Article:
Walmart (WMT - Get Report)  positively crushed their earnings last month. They reported their 20th consecutive quarter of sales growth and beat on all the standard metrics that you'd expect a good earnings to entail: revenue of $130.38 billion vs. $130.11billion expected, EPS of $1.27 vs $1.22 expected and same-store sales ("comps") of 2.8% vs 2.1%. Just all around good. Walmart's 24% YTD return has also outpaced the S&P's 20% return.

And this isn't a one-off performance, Walmart has consistently outperformed its peers over the last five years on critical return metrics:

Source: MSN Money

But that isn't what augurs so well for Walmart, and isn't what makes me feel so confident in their direction long term: it's what they're accomplishing online. E-commerce sales rocketed 37% higher, and it substantially enhanced its grocery delivery service. Walmart now offers grocery delivery in over 1,100 locations and expanded its pickup locations to over 2,700.

There's a reason Walmart has stood its ground and grown in the face of Amazon's (AMZN - Get Report) onslaught, and that's because it continues to evolve to the new consumer paradigm that Amazon helped usher in. Speaking as a retail user: if you've never used Walmart (or its awesome e-commerce arm Jet.com) for groceries, you should. It's exceptionally convenient, cheap, and has free shipping for orders over $35. As a Manhattan resident, I don't understand why anyone pays the exorbitant local grocery prices here -- let alone the trek to and from the store -- when you have a Walmart with free 2-day shipping (next day cold-shipped groceries with Jet.com) in your room.

Even when I eventually move, there's no way I'm going back to brick-and-mortar shopping after experiencing the Amazon-esque shipping quality and even better prices that Walmart provides. This mode of grocery shopping is the future.

My consumer review aside, Walmart is a great buy off financials alone. But, should you really be adding another long to your portfolio when recession fears still persist, threatening the fantastic returns we've had this year as we sit near all-time highs? The beauty of this stock is it allows you to be economically agnostic; Walmart is a great investment if economic fundamentals remain intact, and it's also a one of the best choices if they break down.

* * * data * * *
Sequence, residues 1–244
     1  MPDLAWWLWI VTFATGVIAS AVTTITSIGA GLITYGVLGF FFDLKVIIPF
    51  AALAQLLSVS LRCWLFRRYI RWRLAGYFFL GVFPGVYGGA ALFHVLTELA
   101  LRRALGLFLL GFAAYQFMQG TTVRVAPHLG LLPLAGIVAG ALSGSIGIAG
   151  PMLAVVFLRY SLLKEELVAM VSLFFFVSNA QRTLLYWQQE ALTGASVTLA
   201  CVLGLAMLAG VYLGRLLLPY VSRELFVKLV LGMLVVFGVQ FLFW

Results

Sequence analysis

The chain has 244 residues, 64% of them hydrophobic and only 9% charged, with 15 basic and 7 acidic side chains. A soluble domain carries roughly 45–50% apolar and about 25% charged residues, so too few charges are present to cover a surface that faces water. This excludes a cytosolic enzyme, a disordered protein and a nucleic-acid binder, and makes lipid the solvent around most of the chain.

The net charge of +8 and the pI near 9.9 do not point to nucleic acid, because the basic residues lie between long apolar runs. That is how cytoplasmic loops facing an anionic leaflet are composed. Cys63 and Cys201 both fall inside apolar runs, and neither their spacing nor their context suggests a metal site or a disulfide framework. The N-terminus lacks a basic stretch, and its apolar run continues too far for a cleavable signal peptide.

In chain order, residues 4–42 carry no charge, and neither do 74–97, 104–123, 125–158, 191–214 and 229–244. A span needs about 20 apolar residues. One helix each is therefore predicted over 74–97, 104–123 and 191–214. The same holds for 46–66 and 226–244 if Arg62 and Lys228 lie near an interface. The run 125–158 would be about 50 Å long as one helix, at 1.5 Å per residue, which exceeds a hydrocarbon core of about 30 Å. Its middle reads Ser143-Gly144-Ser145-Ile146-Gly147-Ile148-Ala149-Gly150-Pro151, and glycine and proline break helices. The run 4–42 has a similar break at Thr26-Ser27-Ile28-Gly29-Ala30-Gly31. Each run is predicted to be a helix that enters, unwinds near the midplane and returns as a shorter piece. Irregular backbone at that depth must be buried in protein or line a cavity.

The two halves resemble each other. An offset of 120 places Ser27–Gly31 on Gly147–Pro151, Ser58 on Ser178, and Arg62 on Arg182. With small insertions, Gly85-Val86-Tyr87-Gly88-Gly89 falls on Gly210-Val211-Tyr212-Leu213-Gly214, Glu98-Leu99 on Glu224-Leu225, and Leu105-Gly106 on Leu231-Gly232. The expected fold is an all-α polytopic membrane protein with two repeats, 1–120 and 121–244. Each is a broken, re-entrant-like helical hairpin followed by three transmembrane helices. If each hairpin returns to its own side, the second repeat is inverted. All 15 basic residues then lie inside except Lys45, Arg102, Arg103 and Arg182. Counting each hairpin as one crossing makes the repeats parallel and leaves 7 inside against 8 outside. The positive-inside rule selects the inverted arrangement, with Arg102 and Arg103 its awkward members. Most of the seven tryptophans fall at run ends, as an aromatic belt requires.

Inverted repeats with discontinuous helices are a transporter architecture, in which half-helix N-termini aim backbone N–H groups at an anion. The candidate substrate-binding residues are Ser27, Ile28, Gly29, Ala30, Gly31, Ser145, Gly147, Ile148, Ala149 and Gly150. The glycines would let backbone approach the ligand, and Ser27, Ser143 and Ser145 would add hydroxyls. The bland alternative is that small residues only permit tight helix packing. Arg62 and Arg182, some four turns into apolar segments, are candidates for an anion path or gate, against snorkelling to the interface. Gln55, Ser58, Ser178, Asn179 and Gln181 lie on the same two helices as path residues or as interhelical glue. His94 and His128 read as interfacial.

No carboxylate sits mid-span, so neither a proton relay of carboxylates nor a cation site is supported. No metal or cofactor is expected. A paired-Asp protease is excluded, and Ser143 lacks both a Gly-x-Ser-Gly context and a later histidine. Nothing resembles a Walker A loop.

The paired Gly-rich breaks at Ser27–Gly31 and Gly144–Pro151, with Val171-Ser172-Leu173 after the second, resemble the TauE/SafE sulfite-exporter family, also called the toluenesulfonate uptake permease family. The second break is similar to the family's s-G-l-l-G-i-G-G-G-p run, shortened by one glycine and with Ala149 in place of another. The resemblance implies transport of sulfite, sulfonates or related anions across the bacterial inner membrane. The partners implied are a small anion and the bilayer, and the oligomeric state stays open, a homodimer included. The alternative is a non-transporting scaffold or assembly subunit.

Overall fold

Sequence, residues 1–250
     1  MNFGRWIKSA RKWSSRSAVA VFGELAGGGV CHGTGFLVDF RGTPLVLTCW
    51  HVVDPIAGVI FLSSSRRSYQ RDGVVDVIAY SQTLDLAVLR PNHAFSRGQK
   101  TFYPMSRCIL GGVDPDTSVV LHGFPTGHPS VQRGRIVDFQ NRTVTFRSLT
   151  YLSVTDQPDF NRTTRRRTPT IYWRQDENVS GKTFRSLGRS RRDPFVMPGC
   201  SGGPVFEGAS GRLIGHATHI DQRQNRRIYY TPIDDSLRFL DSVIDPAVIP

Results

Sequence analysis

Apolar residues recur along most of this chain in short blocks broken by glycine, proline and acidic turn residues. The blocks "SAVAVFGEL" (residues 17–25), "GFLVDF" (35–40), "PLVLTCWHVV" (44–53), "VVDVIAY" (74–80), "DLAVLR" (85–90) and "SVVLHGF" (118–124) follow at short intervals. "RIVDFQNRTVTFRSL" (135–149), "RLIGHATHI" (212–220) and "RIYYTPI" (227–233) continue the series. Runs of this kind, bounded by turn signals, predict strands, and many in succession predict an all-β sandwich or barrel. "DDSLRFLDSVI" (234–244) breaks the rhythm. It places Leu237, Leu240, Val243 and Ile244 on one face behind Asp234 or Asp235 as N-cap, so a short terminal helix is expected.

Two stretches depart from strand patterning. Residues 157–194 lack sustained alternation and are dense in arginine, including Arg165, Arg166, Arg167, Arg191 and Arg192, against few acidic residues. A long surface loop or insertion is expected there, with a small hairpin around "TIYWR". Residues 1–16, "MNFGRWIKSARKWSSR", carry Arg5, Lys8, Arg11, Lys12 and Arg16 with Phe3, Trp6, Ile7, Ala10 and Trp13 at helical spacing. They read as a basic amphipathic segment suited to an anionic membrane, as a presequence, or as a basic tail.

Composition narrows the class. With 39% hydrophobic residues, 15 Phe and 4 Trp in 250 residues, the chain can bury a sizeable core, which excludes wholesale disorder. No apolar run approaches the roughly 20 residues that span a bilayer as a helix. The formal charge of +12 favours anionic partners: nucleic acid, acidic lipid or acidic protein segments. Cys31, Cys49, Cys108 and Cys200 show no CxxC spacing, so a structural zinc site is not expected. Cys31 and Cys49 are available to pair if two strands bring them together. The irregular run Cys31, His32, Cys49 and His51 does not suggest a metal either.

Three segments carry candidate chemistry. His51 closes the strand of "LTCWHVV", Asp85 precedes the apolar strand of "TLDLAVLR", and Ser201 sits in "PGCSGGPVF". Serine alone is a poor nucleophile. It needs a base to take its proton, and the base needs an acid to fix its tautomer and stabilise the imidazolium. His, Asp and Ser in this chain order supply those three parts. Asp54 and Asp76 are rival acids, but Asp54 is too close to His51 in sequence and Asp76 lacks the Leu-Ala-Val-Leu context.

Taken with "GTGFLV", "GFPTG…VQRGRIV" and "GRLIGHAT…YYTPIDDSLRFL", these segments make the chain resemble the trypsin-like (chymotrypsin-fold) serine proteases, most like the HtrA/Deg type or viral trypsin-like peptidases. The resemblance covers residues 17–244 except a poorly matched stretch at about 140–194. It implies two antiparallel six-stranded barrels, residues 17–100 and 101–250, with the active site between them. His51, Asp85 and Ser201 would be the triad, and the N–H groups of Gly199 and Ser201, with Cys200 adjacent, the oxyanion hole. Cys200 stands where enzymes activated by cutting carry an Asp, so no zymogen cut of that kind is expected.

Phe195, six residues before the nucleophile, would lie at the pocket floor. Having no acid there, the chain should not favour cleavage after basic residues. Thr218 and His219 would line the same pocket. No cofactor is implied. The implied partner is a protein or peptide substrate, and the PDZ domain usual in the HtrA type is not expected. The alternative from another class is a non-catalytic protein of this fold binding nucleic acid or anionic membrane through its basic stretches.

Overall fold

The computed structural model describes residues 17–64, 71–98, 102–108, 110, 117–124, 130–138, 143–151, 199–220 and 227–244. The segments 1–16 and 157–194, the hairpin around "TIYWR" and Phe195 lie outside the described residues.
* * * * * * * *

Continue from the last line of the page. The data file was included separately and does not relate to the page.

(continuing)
One of the strongest performing sectors during a recession is consumer non-discretionary, because even when economic times are bad, people still buy toothpaste and groceries. The consumer can be quite reliable during a recession, and Walmart is a beacon of that strength when times are tough. Walmart has on average returned over 42% during the past five U.S. recessions, and was even able to eke out a positive year in the maelstrom of 2007. This stock participates in bull markets and is a shelter of returns in bear ones as well.

So if you're not interested in playing the macro guessing game and want a robust, growing, modern business that performs in good times or bad while providing a 1.83% yield, add some Walmart to your portfolio.

Amazon is a holding in Jim Cramer's Action Alerts PLUS Charitable Trust Portfolio. Want to be alerted before Cramer buys or sells AMZN? Learn more now.

 The author has no positions in any of the stocks mentioned.